Looking forward to a packed Bank Holiday programme

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The Tutty family, from Osmotherly, are riding a triumphant wave at the moment.

Father Nigel, who retired from pointing in 2008 with 168 winners under his belt, trains the pointers, while his wife, Karen, holds a permit. They have a nine-horse yard, with daughters Pip and Gemma on hand as stable jockeys. Between riding in races Pippa, 20, is a racing secretary and Gemma, 18, is studying for her A-levels.

The Tuttys’ last 11 runners have produced five winners and two seconds, including recent Sedgefield winner, Mycenean Prince, giving Karen her first hurdle winner.

The Cleveland point saw both girls ride winners giving the yard an impressive strike rate of 55 per cent. Karen has plans to obtain her full training licence shortly, and Pip’s ambition is to win the Ladies’ Flat title.

This Bank holiday is packed with meetings. The Vale of Lune, at Kirkby Lonsdale, is today; York and Ainsty, at Easingwold, tomorrow; Charm Park, Scarborough, on Monday, and High Peak, in Derbyshire, on Tuesday, with its infamous stone-wall race.

High Peak is the one of the oldest courses in the country. I was recently shown their 1911 race card when things were very different. There were five races, including a Lightweights race, a Heavyweights race (over 13 stone) and the Ladies’ race also open to men.

Many of the men who rode at the meeting were to lose their lives fighting in the First World War just a few years later. The poet, Siegfried Sassoon, was an amateur jockey, keeping a diary of his races. He won a number of points up to 1914.

I am busy making a fancy-dress outfit for my son, Felix. The York and Ainsty point hold a children’s fancy-dress competition and as we don’t have any runners, I suggested it to Felix. He was thrilled and spent days debating which outlandish fantasy character he most fancied being.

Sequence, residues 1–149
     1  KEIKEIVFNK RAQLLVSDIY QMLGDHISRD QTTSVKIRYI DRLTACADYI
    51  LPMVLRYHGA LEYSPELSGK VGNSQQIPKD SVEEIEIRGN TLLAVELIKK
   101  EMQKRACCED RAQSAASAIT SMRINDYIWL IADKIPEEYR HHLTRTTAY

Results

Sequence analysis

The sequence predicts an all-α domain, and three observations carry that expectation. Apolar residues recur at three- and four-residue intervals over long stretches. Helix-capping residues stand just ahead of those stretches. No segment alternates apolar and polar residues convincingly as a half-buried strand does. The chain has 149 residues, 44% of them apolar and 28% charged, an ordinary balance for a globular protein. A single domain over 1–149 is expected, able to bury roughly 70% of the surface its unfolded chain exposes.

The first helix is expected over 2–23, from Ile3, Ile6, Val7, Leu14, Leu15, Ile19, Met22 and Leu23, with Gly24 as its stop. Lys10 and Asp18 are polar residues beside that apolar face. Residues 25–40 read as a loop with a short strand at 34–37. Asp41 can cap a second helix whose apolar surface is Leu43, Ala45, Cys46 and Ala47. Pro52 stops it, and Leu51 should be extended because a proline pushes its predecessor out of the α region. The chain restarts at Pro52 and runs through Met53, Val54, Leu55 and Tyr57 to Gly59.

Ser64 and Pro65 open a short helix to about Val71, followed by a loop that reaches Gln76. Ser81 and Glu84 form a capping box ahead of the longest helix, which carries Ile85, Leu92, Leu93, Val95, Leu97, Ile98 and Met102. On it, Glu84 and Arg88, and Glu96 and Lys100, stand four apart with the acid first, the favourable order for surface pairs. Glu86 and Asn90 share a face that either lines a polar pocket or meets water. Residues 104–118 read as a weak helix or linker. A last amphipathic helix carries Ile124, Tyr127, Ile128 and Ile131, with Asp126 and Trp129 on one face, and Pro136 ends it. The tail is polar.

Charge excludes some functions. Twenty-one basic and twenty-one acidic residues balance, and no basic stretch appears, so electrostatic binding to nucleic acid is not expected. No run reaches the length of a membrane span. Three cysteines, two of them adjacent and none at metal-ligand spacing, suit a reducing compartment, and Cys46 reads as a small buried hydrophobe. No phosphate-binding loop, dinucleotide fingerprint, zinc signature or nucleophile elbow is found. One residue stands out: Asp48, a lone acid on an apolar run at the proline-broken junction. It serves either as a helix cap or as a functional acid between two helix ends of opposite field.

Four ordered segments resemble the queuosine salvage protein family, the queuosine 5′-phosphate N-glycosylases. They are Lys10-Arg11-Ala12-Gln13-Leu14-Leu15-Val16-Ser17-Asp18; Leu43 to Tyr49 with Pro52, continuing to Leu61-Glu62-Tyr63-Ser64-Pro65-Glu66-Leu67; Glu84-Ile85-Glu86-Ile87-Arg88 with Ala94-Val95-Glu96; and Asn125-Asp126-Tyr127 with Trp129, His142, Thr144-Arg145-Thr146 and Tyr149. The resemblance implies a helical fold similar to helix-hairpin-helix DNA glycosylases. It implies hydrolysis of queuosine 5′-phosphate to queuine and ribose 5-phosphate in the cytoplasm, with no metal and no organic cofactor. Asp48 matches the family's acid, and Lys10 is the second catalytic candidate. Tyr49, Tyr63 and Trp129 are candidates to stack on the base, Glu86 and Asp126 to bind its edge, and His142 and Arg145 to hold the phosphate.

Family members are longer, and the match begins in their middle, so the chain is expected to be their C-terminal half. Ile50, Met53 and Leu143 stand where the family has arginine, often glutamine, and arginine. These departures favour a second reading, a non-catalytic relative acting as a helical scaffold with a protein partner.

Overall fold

But satisfying my son with a home-made outfit is proving more challenging than riding a first-time-out maiden.

“No thank you, mummy,” he shakes his head in disappointment when I hold up my efforts.

He has now taken over costume design (sorry, but I am not allowed to spoil the surprise). First prize is a family ticket to Lightwater Valley, so he is determined to do his best.

We hold Skipton races next Sunday. I have been on the search for sponsors in the last few weeks and was relieved to find it easier than expected. We are anticipating a crowd of 6,000 to stride through the farm gates.

The Yorkshire Point to Point Club are sponsoring the Best Turned Out, so every member gets to judge a race. The course is next to the River Wharf and in these dry conditions, unlimited water will prove priceless.

There was a strange sight on view to anyone driving past Coniston Hotel, near Skipton, last Friday evening. A naked man was seen tied to a lamp post close to the A65, a sight endured by 80 diners at the hotel before the unfortunate victim was eventually cut free by some pitying hotel staff.

It was the stag weekend of point-to-point trainer David Easterby, who is due to be married at Sheriff Hutton on June 18.

Tom Bannister, the host, had arranged activities for David and his 30 friends. He was also responsible for organising the female company to entertain the boys but, sadly, lost all street credibility when ‘Roly Poly Rita’ turned up instead of ‘Slinky Susie’.